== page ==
What was I searching for in her? When did it start?

Maybe freedom isn’t big enough for two people. There’s a point where compromise becomes routine, where spontaneity becomes habit. Maybe whatever Jess is using me for and whatever I want no longer line up. Maybe I never checked to begin with.

“Yo, you there, man?” The moon’s halo steals your face.

Funny how I don’t see it as a sign.

I make some excuse, make you laugh, Jess smiles, and I stare just-too-long at her expression, trying to read deeper than her skin. Then you glance at your phone in faux-surprise, act it well enough the expression almost doesn’t seem calculated.

“What the fuck. Tried to find a new group, look at this shit.”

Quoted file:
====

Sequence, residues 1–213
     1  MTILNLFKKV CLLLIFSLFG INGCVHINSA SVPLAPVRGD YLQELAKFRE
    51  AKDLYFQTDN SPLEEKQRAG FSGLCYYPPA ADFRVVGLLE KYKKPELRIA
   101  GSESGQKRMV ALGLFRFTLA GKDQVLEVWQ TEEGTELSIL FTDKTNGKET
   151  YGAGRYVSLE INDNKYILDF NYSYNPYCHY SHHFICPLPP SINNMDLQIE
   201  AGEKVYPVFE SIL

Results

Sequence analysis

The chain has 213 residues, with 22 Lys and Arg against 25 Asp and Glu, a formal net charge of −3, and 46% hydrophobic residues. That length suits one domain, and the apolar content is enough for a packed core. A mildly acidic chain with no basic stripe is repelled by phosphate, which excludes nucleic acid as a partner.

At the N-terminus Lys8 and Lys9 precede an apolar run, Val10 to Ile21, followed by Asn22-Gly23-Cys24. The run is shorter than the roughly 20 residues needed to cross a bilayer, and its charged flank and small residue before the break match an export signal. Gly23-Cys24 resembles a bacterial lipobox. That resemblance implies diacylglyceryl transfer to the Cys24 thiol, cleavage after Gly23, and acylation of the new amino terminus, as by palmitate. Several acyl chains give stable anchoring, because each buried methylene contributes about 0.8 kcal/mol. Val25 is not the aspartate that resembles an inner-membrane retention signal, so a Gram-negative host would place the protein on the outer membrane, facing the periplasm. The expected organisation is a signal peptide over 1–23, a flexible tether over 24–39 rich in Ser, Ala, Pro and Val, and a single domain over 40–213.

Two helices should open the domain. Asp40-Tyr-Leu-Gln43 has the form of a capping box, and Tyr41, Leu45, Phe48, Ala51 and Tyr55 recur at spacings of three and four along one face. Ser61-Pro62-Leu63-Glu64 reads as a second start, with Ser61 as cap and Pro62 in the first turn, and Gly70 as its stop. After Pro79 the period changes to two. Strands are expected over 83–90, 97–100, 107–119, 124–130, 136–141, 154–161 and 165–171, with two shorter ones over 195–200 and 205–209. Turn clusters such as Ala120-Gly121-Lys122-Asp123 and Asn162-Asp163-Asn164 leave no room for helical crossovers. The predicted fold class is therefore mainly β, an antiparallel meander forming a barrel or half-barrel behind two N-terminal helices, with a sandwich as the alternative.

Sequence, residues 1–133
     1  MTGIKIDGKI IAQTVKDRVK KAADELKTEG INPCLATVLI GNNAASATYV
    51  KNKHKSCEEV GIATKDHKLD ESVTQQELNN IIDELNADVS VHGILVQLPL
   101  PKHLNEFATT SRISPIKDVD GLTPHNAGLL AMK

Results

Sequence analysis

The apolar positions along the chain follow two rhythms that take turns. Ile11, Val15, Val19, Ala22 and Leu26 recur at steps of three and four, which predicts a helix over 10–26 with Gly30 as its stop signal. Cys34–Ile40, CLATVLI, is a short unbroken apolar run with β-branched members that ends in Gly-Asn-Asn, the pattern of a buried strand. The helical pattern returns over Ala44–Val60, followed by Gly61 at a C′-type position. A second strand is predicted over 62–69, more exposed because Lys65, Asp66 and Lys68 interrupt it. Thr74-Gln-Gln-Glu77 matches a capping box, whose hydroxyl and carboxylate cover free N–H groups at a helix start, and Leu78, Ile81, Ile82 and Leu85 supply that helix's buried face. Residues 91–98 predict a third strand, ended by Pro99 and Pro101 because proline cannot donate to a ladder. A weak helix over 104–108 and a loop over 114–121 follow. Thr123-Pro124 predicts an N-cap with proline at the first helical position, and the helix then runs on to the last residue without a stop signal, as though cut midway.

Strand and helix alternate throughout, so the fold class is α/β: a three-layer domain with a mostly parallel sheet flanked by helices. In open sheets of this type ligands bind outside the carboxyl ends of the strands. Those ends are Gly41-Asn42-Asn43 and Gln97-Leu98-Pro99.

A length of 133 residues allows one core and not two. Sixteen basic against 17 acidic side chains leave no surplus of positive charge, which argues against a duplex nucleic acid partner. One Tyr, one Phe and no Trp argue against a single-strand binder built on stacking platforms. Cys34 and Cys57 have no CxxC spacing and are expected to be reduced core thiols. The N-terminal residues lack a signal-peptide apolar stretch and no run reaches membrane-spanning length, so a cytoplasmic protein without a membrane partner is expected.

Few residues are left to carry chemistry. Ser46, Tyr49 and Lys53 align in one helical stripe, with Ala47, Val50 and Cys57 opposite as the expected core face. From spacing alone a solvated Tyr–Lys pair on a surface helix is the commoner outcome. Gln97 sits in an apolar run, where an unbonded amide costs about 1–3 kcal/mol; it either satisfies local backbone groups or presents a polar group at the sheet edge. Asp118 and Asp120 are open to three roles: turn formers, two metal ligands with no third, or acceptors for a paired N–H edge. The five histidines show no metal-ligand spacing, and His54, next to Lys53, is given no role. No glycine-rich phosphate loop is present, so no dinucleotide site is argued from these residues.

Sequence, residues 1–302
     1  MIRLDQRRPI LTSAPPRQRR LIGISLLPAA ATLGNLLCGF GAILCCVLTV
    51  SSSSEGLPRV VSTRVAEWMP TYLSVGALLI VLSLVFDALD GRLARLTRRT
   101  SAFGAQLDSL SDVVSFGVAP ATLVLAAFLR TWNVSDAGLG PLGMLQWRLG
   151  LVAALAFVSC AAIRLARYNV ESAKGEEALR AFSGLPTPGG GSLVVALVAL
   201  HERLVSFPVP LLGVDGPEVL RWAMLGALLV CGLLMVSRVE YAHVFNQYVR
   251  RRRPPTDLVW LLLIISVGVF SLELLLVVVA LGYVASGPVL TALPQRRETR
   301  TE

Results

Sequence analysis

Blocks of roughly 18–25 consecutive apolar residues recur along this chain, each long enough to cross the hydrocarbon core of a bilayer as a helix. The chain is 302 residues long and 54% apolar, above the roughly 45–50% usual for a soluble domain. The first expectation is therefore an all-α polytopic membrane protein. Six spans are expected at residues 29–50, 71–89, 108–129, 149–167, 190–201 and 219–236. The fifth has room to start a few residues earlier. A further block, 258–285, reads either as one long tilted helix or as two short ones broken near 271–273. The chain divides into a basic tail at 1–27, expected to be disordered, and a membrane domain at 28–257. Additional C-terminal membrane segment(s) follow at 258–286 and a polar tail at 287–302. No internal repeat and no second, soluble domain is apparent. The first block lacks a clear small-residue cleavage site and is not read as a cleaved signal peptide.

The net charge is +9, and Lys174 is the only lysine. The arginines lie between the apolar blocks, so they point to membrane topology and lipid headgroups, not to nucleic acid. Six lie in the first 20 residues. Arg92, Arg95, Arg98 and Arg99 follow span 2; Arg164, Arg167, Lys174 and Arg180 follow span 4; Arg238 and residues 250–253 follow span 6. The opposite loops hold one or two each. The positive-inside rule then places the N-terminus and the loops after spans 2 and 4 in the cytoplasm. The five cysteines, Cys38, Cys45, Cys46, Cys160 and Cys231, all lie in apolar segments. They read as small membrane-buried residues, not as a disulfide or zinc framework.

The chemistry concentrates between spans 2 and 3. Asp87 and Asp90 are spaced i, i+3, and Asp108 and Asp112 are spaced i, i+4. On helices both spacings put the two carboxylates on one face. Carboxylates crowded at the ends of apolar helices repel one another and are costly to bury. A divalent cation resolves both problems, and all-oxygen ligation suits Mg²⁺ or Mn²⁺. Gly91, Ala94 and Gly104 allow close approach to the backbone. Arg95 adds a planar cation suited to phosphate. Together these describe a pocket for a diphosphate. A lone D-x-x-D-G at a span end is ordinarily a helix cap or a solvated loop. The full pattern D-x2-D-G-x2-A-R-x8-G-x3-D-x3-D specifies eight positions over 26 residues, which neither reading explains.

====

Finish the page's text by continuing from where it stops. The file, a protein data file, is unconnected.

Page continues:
You thrust the screen at me, light blinding. I stand. Blink stupidly. Jess circles back, peering over my shoulder.

‘The Seeker’ has a mask as their profile—the pattern warps and bleeds, a mandala forced through dimensions it didn’t enjoy. There’s no colour, just a single white line, cutting a face from the dark. DMs open.

I’m not sure you’re ready for something this real. This free.
            Have you found the edge yet?

Lmao, the edge?
You what? I just wanna join the group, dude

Can you see the strings?


If you know. You know.

“Crazy, right?” You laugh again, and maybe, just for a second, the smile slips and there’s an edge there I can’t place.

I’ve not seen you scared. Not yet.

Jess joins. “Bunch of pretentious twats. Bet they’re all into weird conspiracies. Remember that cokehead at the warehouse last month?”

“Mmh, yeah, wild.” My hand moves almost by itself. I take the phone from you, staring at that white line, convoluting in the dark. I can’t see where it starts. I can’t see where it ends.